The Supreme Court's surprise decision on Thursday to reject President Trump's attempt to end protections for young, undocumented immigrants brought to the US as children elicited very different responses from two men central to the case—Trump himself and predecessor Barack Obama, whose administration created the Deferred Action for Childhood Arrivals (DACA) program in 2012:
- Trump: He sought to use the loss to rally supporters. "These horrible & politically charged decisions coming out of the Supreme Court are shotgun blasts into the face of people that are proud to call themselves Republicans or Conservatives," he wrote. "We need more Justices or we will lose our 2nd. Amendment & everything else. Vote Trump 2020!" Trump added, per ABC News, "Do you get the impression that the Supreme Court doesn't like me?" (Trump also was apparently referring to the court's decision granting workplace protections to gay and trans workers.)
- Obama: The former president hailed the ruling, which saw Chief Justice John Roberts side with the court's four more liberal members, per the Washington Post. "Eight years ago this week, we protected young people who were raised as part of our American family from deportation," he wrote. "Today, I'm happy for them, their families, and all of us. We may look different and come from everywhere, but what makes us American are our shared ideals."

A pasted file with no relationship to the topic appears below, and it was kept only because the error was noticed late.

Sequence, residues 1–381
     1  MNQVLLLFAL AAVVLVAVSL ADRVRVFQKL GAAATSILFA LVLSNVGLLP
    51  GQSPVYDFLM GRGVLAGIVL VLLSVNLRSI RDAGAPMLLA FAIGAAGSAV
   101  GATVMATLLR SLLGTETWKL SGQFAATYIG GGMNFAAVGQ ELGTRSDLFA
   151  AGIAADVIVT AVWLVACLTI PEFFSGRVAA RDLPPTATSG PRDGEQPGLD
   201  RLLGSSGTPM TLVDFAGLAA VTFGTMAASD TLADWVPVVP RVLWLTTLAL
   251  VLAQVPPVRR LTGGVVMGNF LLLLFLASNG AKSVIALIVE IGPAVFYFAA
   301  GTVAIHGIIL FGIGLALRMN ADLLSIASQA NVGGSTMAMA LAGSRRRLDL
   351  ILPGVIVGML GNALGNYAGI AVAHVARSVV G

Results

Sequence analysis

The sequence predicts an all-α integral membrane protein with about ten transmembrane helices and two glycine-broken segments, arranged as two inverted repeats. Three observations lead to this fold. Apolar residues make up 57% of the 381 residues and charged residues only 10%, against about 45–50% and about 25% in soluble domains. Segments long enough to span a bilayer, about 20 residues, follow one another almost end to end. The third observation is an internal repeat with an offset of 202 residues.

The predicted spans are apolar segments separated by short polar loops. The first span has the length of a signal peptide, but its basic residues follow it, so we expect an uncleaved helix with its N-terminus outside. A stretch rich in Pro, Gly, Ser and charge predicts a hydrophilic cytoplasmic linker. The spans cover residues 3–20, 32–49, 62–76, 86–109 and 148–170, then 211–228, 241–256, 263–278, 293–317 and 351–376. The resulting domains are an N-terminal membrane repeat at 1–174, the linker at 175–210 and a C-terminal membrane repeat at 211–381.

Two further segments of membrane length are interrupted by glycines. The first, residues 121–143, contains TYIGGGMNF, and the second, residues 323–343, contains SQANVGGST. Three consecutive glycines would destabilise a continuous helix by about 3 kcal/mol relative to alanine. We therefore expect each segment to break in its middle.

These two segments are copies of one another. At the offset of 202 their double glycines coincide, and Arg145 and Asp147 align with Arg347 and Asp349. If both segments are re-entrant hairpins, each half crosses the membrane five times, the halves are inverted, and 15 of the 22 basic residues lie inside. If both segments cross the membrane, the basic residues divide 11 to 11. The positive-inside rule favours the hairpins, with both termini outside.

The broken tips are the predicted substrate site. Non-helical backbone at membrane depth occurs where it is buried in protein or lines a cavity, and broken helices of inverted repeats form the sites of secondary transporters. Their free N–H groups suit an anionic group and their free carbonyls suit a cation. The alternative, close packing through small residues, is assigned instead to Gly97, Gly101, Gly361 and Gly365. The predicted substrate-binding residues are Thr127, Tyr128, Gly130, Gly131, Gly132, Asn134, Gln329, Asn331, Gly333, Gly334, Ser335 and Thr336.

- Emotional Schumer: Senate Minority Leader Chuck Schumer choked up on the Senate floor Thursday while praising the ruling. "These wonderful DACA kids and their families have a huge burden lifted off of their shoulders," he said, per the Hill. "They don't have to worry about being deported. They can do their jobs, and I believe ... someday soon they will be American citizens."
- Counterpoint: GOP Sen. Tom Cotton of Arkansas blasted the decision and said Roberts is in the wrong line of work. "If the Chief Justice believes his political judgment is so exquisite, I invite him to resign, travel to Iowa, and get elected," he said in a statement. "I suspect voters will find his strange views no more compelling than do the principled justices."
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